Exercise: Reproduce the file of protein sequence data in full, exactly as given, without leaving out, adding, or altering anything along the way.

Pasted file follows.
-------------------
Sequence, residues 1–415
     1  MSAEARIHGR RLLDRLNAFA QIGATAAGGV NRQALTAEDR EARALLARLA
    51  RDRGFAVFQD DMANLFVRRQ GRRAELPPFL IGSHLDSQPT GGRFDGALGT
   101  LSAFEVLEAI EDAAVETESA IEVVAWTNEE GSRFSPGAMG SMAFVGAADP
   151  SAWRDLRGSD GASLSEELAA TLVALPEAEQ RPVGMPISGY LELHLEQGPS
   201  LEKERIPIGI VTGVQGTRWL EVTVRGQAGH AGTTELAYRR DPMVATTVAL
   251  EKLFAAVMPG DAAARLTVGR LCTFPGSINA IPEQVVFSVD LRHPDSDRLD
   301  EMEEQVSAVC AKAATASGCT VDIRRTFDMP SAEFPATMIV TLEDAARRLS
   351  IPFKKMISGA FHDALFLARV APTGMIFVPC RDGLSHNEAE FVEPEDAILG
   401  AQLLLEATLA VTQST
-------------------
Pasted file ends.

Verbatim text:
Sequence, residues 1–415
     1  MSAEARIHGR RLLDRLNAFA QIGATAAGGV NRQALTAEDR EARALLARLA
    51  RDRGFAVFQD DMANLFVRRQ GRRAELPPFL IGSHLDSQPT GGRFDGALGT
   101  LSAFEVLEAI EDAAVETESA IEVVAWTNEE GSRFSPGAMG SMAFVGAADP
   151  SAWRDLRGSD GASLSEELAA TLVALPEAEQ RPVGMPISGY LELHLEQGPS
   201  LEKERIPIGI VTGVQGTRWL EVTVRGQAGH AGTTELAYRR DPMVATTVAL
   251  EKLFAAVMPG DAAARLTVGR LCTFPGSINA IPEQVVFSVD LRHPDSDRLD
   301  EMEEQVSAVC AKAATASGCT VDIRRTFDMP SAEFPATMIV TLEDAARRLS
   351  IPFKKMISGA FHDALFLARV APTGMIFVPC RDGLSHNEAE FVEPEDAILG
   401  AQLLLEATLA VTQST